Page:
...more
B. P. Rinehart
"'Be careful what you set your heart upon,' someone once said to me, 'for it will surely be yours.' Well, I had said that I was going to be a writer, God, Satan, and Mississippi not-withstanding, and that color did not matter, and that I was going to be free. And, here I was, left only myself to deal with. It was entirely up to me.
These essays are a very small part of a private logbook. The question of color takes up much space in these pages, but the question of color, especially in this countr
...more
Sophie
Jan 05, 2018 rated it really liked it
Shelves: essays, non-fiction
The question of color takes up much space in these pages, but the question of color, especially in this country, operates to hide the graver questions of the self. That is precisely why what we like to call “the Negro problem” is so tenacious in American life, and so dangerous. But my own experience proves to me that the connection between American whites and blacks is far deeper and more passionate than any of us like to think.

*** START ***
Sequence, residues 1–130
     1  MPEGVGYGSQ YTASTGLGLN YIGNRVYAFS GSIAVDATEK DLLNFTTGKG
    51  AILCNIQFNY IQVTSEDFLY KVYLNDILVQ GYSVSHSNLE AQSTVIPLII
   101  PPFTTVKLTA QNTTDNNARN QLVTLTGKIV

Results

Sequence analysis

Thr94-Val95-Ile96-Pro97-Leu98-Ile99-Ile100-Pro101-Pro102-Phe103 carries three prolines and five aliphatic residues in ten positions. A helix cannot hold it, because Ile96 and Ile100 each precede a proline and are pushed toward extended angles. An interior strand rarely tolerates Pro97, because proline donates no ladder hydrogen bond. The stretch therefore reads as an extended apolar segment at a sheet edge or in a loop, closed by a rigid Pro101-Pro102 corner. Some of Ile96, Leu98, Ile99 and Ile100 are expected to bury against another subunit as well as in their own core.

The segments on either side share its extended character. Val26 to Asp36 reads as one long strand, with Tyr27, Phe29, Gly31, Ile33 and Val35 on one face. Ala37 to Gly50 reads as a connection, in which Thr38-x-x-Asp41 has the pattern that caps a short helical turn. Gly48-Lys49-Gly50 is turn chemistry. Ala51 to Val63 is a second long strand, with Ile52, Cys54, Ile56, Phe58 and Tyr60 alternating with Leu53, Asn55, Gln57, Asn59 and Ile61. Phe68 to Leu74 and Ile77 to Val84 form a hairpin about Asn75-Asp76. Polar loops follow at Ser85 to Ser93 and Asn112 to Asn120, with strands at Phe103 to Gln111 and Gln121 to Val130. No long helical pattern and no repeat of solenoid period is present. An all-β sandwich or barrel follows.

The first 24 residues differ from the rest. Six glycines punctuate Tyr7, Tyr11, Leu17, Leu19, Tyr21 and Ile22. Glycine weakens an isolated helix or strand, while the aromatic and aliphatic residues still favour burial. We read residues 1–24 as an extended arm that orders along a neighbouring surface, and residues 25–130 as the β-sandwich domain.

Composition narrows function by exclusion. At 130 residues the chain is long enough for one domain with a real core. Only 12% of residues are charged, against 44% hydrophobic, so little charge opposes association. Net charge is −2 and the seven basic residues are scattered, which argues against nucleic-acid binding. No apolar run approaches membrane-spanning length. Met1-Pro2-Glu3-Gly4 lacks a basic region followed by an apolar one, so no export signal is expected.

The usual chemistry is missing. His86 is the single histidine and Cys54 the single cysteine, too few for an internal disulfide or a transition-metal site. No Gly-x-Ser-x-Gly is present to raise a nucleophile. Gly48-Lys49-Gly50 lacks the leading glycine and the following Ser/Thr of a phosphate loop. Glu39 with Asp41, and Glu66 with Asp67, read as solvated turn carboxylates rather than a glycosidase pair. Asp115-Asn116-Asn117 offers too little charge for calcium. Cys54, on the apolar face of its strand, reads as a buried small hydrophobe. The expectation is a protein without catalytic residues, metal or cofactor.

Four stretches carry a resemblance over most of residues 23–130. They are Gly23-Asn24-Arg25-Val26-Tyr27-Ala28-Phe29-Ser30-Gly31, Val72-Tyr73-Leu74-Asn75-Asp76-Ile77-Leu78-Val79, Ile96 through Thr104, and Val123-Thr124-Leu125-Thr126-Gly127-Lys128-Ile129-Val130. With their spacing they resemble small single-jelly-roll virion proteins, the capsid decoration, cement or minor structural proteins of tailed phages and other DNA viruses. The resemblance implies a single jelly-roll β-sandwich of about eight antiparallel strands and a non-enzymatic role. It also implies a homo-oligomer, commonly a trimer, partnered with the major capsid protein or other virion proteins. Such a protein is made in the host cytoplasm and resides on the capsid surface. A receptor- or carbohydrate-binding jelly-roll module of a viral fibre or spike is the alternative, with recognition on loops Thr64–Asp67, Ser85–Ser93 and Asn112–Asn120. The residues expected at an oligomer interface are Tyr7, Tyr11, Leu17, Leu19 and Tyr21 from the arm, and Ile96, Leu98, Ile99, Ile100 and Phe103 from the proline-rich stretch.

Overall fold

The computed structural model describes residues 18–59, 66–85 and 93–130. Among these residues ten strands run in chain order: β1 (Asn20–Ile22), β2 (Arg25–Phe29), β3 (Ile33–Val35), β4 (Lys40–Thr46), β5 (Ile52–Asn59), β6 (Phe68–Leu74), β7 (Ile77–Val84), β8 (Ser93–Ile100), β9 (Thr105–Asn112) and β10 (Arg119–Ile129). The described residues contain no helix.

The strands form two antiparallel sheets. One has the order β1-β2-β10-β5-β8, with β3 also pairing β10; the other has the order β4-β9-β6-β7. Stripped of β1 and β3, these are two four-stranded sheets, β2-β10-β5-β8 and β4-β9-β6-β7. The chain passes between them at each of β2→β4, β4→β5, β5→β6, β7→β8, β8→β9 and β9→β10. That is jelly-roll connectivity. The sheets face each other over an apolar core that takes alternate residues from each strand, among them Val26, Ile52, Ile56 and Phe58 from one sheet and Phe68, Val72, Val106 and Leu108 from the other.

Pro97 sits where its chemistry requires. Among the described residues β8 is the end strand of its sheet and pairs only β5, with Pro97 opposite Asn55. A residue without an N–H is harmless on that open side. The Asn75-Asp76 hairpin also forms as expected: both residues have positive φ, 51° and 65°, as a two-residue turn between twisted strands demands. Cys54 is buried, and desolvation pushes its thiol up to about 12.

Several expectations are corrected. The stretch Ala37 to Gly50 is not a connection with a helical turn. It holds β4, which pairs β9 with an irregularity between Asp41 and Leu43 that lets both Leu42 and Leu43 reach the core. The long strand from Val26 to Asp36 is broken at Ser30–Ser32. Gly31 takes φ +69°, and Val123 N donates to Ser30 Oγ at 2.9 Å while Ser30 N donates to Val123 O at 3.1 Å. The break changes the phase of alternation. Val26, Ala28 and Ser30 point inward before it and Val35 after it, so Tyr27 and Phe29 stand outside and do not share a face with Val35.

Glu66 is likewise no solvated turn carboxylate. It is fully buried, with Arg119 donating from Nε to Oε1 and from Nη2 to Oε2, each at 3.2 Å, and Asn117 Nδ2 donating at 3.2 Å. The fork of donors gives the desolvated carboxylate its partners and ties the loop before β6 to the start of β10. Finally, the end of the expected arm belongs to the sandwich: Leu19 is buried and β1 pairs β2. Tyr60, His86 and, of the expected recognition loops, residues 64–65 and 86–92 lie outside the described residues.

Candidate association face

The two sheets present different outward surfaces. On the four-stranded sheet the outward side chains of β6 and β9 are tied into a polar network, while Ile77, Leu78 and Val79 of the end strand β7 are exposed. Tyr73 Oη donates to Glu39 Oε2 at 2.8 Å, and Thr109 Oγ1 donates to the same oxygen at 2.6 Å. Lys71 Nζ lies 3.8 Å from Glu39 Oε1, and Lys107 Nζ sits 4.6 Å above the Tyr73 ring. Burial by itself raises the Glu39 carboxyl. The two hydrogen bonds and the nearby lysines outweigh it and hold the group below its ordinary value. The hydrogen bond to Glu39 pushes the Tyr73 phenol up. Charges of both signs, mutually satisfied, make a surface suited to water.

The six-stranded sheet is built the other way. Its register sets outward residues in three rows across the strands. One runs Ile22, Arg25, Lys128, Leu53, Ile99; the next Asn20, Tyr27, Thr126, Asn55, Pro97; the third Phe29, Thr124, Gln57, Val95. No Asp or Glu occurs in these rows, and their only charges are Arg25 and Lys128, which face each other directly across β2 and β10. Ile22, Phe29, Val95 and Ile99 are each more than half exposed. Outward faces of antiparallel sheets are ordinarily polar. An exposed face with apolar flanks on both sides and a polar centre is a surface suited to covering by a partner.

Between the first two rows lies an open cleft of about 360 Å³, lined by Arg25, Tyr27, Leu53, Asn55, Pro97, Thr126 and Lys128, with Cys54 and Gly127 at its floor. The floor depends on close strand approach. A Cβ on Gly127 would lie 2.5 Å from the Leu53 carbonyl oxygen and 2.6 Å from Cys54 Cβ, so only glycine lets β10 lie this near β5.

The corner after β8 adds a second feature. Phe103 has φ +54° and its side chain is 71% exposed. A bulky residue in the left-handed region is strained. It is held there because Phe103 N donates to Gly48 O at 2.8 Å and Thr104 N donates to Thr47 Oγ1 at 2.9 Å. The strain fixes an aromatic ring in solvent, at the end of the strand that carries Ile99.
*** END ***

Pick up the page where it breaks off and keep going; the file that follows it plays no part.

Κάθε άνθρωπος, και παραφράζω εδώ τον Richard Ayoade στο Submarin
...more
Fran Levi Aghuyo
Jun 18, 2021 marked it as to-read
A beautiful book with a powerful message.
Zack
Aug 03, 2012 added it
for various reasons i have this self imposed rule that I don't give stars to books on goodreads. yet, for this book, i must break my rule because i feel the need to offset the IDIOTS who gave this book less than five stars.

this is a book about race and understanding. a kind plea for love in the face of the ignorance of the times.

i have never seen a writer who mixes so well frustration and anger with empathy love and understanding. this book is extremely courageous...he's talking about what it's
...more
Sofia
May 19, 2016 rated it really liked it
Shelves: br, non-fiction, 2016

JB tone appeared to me to be more mature than the previous essay book I read Notes of a Native Son. I think the changes JB goes through at this time, realising that he needs to go back to America in order to grow as a man and a writer and his visits to the American south, have caused a shift in his writing. Even handling of the relationships with fellow writers Richard Wright and Norman Mailer have a certain empathy, gentle understanding.